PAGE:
And if they include the Jones Library in the override, my vote will definitely be NO, if they can't use their endowment to help keep the library open to the public on Fridays or whenever they were thinking of cutting if the override does not pass.

If the school needs more time to get their budget & "evidence" together to show how the high outcomes match the high spending - then we can vote on the override next year.

It really doesn't matter how diverse our student population is (or how special it is in any other way) - we still need to be fiscally responsible. Deliver a good education at a decent price, something that other schools can achieve.

Anonymous said...

Or the override can be scheduled for later this spring. The state's local aid numbers always come in late so it's not clear how much is needed. Patrick is running for re-election and he will protect local aid to keep votes.

Alisa V. Brewer said...

Alison, thanks so much for pointing me at the High School Class Size/Master Schedule Document... what I think I know about how many kids are in the many classes we offer is not always spot on.

Although I do think something went kablooey on page 8 re: Music ensembles, since each of those only have one section -- you're in it or you aren't -- rather than trying to apply some sort of "class size/trimester/3 day week" formula to them to come up with an un-comparable class size to say, Dance, or a particular English?

jm said...


If each high school teacher teaches an extra course a year, could that save small class sizes, electives and/or reduce a study hall? (Wouldn't it be better if the teacher was teaching students instead of sitting in front of them in a study hall?) The middle school teachers are teaching 5 classes per trimester which adds up to 15 classes a year (although maybe meeting for shorter times). The high school teachers teach 10 classes a year -- 3 or 4 classes a trimester. Teachers at each school do study halls.

Also, how many classes do high school teachers teach each year at Amherst comparison schools?

Ed said...

The high school teachers teach 10 classes a year -- 3 or 4 classes a trimester.


Everything I have ever seen is that a high school teacher has one "free" period (technically "prep" period but we always called it the "free" one), one "supervisory" period (lunchroom, study hall, bathroom smoking detail, etc), and a class EVERY OTHER PERIOD.

Hence 5-1-1 for the 7-period schedule, 6-1-1 for the older 8-period schedule. A department chair would be relieved of supervisory duties, and might have one less class.

So if you have teachers teaching half as many classes, OF COURSE IT COSTS MORE!!!!!

Teachers at each school do study halls.

Which is not only a total waste of money but also demeaning to teachers AND one thing the research says we should end so as to improve education overall.

You can hire study hall monitors for $10/hour. You can have the SPED aides also cover study halls to give them a full day's pay. You can UMass students either there on WorkStudy (where you only pay part of their salary) or as internships (where you just have to write a letter saying nice things about them to their professor).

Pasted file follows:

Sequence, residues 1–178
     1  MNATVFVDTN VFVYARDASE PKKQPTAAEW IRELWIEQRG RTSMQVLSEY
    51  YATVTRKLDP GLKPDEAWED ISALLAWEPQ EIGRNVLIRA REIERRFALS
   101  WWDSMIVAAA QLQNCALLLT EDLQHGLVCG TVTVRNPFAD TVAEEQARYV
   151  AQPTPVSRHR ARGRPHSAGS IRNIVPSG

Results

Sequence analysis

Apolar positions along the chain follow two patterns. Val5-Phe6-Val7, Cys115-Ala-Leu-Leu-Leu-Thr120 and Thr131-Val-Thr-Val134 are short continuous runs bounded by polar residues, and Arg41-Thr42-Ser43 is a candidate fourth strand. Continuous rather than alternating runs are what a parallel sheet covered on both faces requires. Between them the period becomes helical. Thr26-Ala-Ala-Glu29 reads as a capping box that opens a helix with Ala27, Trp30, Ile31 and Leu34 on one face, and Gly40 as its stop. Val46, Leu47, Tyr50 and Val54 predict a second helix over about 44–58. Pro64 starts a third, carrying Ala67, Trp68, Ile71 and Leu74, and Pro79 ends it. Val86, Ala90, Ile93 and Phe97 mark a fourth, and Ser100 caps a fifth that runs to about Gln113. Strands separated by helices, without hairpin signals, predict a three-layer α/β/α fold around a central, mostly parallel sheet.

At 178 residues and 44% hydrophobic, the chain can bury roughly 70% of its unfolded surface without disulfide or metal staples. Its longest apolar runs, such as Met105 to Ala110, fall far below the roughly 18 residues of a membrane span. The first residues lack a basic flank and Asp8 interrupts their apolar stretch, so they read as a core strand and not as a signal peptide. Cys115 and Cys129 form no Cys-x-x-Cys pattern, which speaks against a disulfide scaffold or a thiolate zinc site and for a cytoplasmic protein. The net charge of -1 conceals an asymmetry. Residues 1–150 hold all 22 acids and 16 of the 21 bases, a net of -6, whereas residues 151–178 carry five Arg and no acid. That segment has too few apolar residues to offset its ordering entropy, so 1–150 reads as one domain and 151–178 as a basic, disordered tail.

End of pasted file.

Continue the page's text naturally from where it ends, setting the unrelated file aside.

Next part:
During WW-II, there was a campaign to encourage women to work in shipyards with the slogan "send a man to war." Well, why not now "send a teacher back to teaching"?

Research shows that being required to stand in a bathroom to keep kids from smoking is one of the primary reasons that good teachers leave the profession. You need a cop in that bathroom (actually, that is not a bad idea), you do not need someone who knows advanced pedagogy -- someone with a very expensive knowledge of that which you are paying for.

It is like having a MD drive the ambulance. Way too expensive and a waste of human resources....

Also, how many classes do high school teachers teach each year at Amherst comparison schools?

This is like saying that since my neighbor is 40 lbs overweight, it is ok for me to be 50 lbs overweight as I really technically am only 10 lbs heavier than my comparison person....

One free period (or equivilent, and sometimes I would have none and sometimes two - it was the average and me expected to be "flexible" to meet the scheduling needs of the school) is justified, the move is to shift the one supervisory period into student remedial work.

There is a lot to be said for relieving the supervisory period and replacing it with a fixed mandated remedial period -- it helps with SPED, ESL and (in one school I taught, single mothers).


Reducing the number of classes taught by each teacher creates jobs for more teachers - as does reducing class size. The move to reduce class size came in the 1980s as more of an effort to preserve teacher's jobs than anything else and I suspect it will be that now, too.

The teachers should teach. And if they want to take the hardline of how many courses they are willing to teach a day, then you simply use your right to increase the number of students in the classroom. You will teach (and be responsible for teaching well) 125 students each trimester -- five classes of 25 or however else you would like to do it....